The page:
The delivery of lines by the actors are smooth and so casual, you can’t help but doubt if it’s actually scripted or not. The characters have distinct characteristics and schticks that they commit to, which improves the humor. Actually, they are the humor! These characters’ personalities are so overboard and comical, and you will be floored to laughter. Trust me when I saw that Superstore pulls off some of the funniest lines because of the way they approach their humor.

A lot of subplots to follow

Superstore is never content to stay put conceptually. It keeps expanding its storytelling to different branches and subplots. This makes it even more interesting, paired with the usual comedic situations. The show pulls in beats from other genres—even action movies— if it feels like that’s what will yield the best story. Whenever it takes a turn toward the dramatic, it never forgets to lace more serious moments with jokes.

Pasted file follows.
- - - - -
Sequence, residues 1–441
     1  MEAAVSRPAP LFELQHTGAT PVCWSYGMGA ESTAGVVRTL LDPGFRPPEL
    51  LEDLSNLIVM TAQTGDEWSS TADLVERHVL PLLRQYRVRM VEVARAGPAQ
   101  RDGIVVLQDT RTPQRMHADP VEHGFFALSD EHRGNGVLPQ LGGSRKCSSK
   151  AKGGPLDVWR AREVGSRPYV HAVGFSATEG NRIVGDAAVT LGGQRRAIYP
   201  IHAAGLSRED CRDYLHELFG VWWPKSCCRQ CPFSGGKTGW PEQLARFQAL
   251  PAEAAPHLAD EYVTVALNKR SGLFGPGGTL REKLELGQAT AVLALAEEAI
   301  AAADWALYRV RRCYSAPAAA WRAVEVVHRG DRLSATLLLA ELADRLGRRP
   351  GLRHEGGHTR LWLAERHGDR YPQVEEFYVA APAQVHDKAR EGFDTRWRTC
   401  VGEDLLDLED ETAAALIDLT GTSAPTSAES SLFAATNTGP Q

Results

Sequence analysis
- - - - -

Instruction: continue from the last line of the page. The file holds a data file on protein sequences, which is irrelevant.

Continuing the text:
The characters evolve along with the show. As these connections and dynamics shift, new stories form. If you want to catch a glimpse of romance, you can see it here—follow a couple of ships or love teams to swoon you. If you want more serious stories like parenthood, labor rights and corporate world, you can also catch it here. What’s more amazing is how these different stories somehow intertwine in some points, creating funny and memorable moments. At one point, there was a subplot about two female workers having an unofficial feud because of a love interest, this lasted for a couple of seasons. It was hilarious!

It’s surprisingly romantic

Speaking of love team subplots, Superstore is abundant with that! The show effectively mixes romance with humor, which makes it more appealing to viewers—think like Friends but make it in the work setting. The connections of Cloud 9’s employees to each other are really entertaining to watch as they progress. Spoilers, but even the most unexpected characters form eventual love interests.

The most notable romance in the show is the slow-burn progress of Amy and Jonah’s romance. What makes their story more interesting is that their relationship ascended from being frenemies to lovers. We watch that ascension through the seasons, in gradual. Jonah even had a relationship with another character first, before she finally confessed to Amy. In each of the episode of the former seasons, there’s always that lingering query, ‘are they gonna end up together?’